The issue before the Court is whether the registration statute (SORNA) requires sex offenders who reside in a foreign country to update his registration in the jurisdiction in which he formerly resided and, secondly, whether the statute is an unconstitutional delegation of legislative authority to the executive branch since it grants the Attorney General discretion on who to prosecute.

The case turns upon the construction of the registration statute and whether it intended to impose a federal obligation to notify the jurisdiction the offender is leaving of his departure to a new foreign residence. Although the statute does not plainly require such a notification, the 10th Circuit found one by construing the section requiring the offender to update his residence by his departure plans in the jurisdiction where he “resides.” The lower court found that this jurisdiction of where he resides included his abandoned residence in Kansas.

The federal statute was intended to impose minimum registration standards and procedures to make possible a national sex offender registry. Congress required the states to maintain a registration system, and it permitted the states to impose more stringent requirements. Only two states (West Virginia and Washington) explicitly require offenders who move to a foreign country to provide notification of that intention to the state he is leaving. The federal statute does not impose a requirement that an offender notify the jurisdiction he is leaving. That responsibility passed to the jurisdiction of his new residence. Since foreign countries are not included in the registration system, no duty to notify the former residence state is provided for.

Prediction: Affirm the 8th Circuit decision to reverse the conviction, reverse the 10th Circuit. Congress, intentionally or not, failed to clearly regulate the registration of a sex offender who leaves the U.S. to live in foreign countries, at least until and unless he returns. It could do so by legislating a notification requirement with the state the offender is leaving. Or the states could do so. But the strained statutory construction by the courts is not the way to do so.

That wraps up February. The guys and gals on the High Bench earn every penny of their $246,800 salary in these mind-bending exercises. Three either are in their 80s or will be within a month or two. Happy Birthday to Chief Justice Roberts who will be 61 this week. But don’t expect Justice Thomas to bring the cake.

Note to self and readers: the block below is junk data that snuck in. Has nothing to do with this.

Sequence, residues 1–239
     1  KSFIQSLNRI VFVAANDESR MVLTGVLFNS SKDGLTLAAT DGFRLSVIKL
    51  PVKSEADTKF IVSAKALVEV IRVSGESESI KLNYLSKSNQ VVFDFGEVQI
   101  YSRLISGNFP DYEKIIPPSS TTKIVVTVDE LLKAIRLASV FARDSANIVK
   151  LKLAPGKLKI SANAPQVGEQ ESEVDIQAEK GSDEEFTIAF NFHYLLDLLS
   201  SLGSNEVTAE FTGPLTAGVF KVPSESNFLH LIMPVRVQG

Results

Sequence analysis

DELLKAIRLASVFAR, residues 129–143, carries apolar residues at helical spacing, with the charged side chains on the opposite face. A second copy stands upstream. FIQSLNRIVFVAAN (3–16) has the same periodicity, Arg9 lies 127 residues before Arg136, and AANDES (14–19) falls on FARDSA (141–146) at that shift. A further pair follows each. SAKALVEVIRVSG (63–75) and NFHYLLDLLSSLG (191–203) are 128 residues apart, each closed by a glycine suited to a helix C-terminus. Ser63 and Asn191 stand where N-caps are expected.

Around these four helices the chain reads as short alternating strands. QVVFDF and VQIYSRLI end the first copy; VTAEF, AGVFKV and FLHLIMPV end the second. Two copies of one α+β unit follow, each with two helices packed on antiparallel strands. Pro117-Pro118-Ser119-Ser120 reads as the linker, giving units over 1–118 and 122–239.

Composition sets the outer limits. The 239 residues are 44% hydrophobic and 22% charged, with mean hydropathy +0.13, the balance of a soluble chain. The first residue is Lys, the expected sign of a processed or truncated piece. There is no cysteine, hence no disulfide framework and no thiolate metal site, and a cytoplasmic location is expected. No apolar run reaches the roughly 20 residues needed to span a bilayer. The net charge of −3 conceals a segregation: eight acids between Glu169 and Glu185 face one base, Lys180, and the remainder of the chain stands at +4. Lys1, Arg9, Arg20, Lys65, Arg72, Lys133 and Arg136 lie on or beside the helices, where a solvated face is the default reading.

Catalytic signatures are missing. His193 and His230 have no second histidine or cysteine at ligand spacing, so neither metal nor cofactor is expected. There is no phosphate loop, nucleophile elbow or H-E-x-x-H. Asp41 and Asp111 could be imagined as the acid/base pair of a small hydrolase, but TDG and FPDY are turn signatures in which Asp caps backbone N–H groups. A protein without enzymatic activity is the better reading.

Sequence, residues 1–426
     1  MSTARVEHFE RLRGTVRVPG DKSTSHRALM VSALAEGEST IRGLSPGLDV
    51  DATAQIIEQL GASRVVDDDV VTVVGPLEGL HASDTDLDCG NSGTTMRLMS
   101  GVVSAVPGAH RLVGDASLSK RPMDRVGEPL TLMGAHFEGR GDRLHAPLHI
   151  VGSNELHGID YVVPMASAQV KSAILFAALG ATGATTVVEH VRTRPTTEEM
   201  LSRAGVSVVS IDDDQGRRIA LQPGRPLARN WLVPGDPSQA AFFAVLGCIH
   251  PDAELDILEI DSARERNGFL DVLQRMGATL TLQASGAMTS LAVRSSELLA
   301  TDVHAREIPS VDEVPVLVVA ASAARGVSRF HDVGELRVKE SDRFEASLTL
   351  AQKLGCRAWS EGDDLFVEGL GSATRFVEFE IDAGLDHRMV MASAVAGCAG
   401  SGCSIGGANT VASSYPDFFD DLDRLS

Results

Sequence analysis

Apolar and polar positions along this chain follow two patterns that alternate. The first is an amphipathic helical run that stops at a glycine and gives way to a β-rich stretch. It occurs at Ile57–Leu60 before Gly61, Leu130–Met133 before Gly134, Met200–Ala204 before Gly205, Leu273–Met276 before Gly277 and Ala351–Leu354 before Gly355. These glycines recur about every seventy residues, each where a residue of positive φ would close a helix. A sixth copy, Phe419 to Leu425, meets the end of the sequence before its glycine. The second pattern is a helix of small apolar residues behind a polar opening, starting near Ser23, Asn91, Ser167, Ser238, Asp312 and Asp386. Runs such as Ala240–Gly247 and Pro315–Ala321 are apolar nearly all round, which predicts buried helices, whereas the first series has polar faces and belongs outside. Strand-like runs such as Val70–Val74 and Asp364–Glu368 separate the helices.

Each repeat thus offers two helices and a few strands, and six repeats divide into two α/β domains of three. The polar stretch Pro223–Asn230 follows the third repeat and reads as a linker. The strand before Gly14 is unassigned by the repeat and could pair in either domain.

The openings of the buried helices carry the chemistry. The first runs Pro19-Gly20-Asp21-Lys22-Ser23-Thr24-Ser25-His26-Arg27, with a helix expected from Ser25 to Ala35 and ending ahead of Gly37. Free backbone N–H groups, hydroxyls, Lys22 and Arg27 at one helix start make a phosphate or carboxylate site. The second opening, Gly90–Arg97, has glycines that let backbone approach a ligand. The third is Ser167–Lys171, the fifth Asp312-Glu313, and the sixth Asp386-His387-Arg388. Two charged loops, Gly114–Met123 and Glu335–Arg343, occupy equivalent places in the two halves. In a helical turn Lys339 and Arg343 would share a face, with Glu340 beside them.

Parker: Five Tough Criminal Cases for the Supreme Court in February

Ross Parker was chief of the criminal division in the U.S. Attorney’s Office in Detroit for 8 years and worked as an AUSA for 28 in that office.

Ross Parker

Ross Parker

By Ross Parker
ticklethewire.com

Tough sledding for the Supreme Court in February with oral arguments on five thorny criminal justice cases.

Judicial Bias : What was he thinking? In Williams v. Pennsylvania the DA of Philadelphia, Ronald Castille, personally authorized the pursuit of the death penalty against Terrence Williams in connection with the office’s prosecution for a brutal murder. Williams was tried, convicted and sentenced to death. Castille supervised the direct appeal, which was denied. During post-conviction proceedings, with Castille still heading the office, a lower court found that his office had violated the Brady rule in failing to turn over exculpatory evidence during the penalty phase (that Williams had been abused along with other minors by the victim) and in presenting false argument.

Shortly thereafter Castille ran for election to the Pennsylvania Supreme Court and boasted during the campaign that he had personally sent Williams and others to death row. He won the election. By the time the case reached the state supreme court, Castille had become the Chief Justice.

Incredibly, Castille refused to recuse himself from the case when the appeal arrived in the Pennsylvania Supreme Court. The court unanimously reversed the lower court and reinstated the death sentence. Chief Justice Castille wrote a scathing concurring opinion criticizing the Defender’s Office as “ringmasters, with their parrots and puppets as a side show.”

US_Supreme_Court

Prediction: Reverse. It is astounding that this guy failed to appreciate that his direct participation in the case created a risk that he could not decide it fairly. The appearance of actual and potential bias was obvious particularly when the issue was his former office’s misconduct.

The voters should turn him out of office. He has damaged the reputation of good prosecutors and judges, as well as the reputation of the state’s highest court. The remedy for the Supreme Court is the conundrum. Merely remanding the case to the Pennsylvania Supreme Court without Castille sitting on the case seems hardly enough. A different vote by the other Justices is an admission of that they were previously influenced by Castille’s involvement, but reaffirming their former votes smacks of continued injustice.

Search Attenuation Doctrine:  In Utah v. Strieff the issue is whether evidence seized incident to a lawful arrest on an outstanding warrant should be suppressed because the investigative stop was not supported by reasonable suspicion or probable cause.

The officers had some reason after surveillance to stop the defendant’s vehicle on suspicion of drug dealing, but the information did not meet the reasonable suspicion standard. To their happy surprise, however, after the stop they learned that there was already an arrest warrant outstanding.  A search incident to that arrest produced evidence. However the Utah courts threw the evidence out and tossed the case. A great law school exam case.

Read more »